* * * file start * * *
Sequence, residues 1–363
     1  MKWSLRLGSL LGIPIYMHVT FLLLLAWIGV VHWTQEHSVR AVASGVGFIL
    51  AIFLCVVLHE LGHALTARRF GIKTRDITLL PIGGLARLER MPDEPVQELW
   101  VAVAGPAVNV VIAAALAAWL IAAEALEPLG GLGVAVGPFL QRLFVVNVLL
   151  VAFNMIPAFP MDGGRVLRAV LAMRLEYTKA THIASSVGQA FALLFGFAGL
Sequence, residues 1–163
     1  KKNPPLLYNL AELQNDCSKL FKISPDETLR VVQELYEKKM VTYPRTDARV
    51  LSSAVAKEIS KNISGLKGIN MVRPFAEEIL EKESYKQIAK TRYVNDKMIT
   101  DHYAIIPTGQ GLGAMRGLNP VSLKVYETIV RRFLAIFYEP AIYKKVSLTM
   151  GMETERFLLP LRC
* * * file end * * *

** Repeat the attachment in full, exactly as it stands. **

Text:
Sequence, residues 1–363
     1  MKWSLRLGSL LGIPIYMHVT FLLLLAWIGV VHWTQEHSVR AVASGVGFIL
    51  AIFLCVVLHE LGHALTARRF GIKTRDITLL PIGGLARLER MPDEPVQELW
   101  VAVAGPAVNV VIAAALAAWL IAAEALEPLG GLGVAVGPFL QRLFVVNVLL
   151  VAFNMIPAFP MDGGRVLRAV LAMRLEYTKA THIASSVGQA FALLFGFAGL
Sequence, residues 1–163
     1  KKNPPLLYNL AELQNDCSKL FKISPDETLR VVQELYEKKM VTYPRTDARV
    51  LSSAVAKEIS KNISGLKGIN MVRPFAEEIL EKESYKQIAK TRYVNDKMIT
   101  DHYAIIPTGQ GLGAMRGLNP VSLKVYETIV RRFLAIFYEP AIYKKVSLTM
   151  GMETERFLLP LRC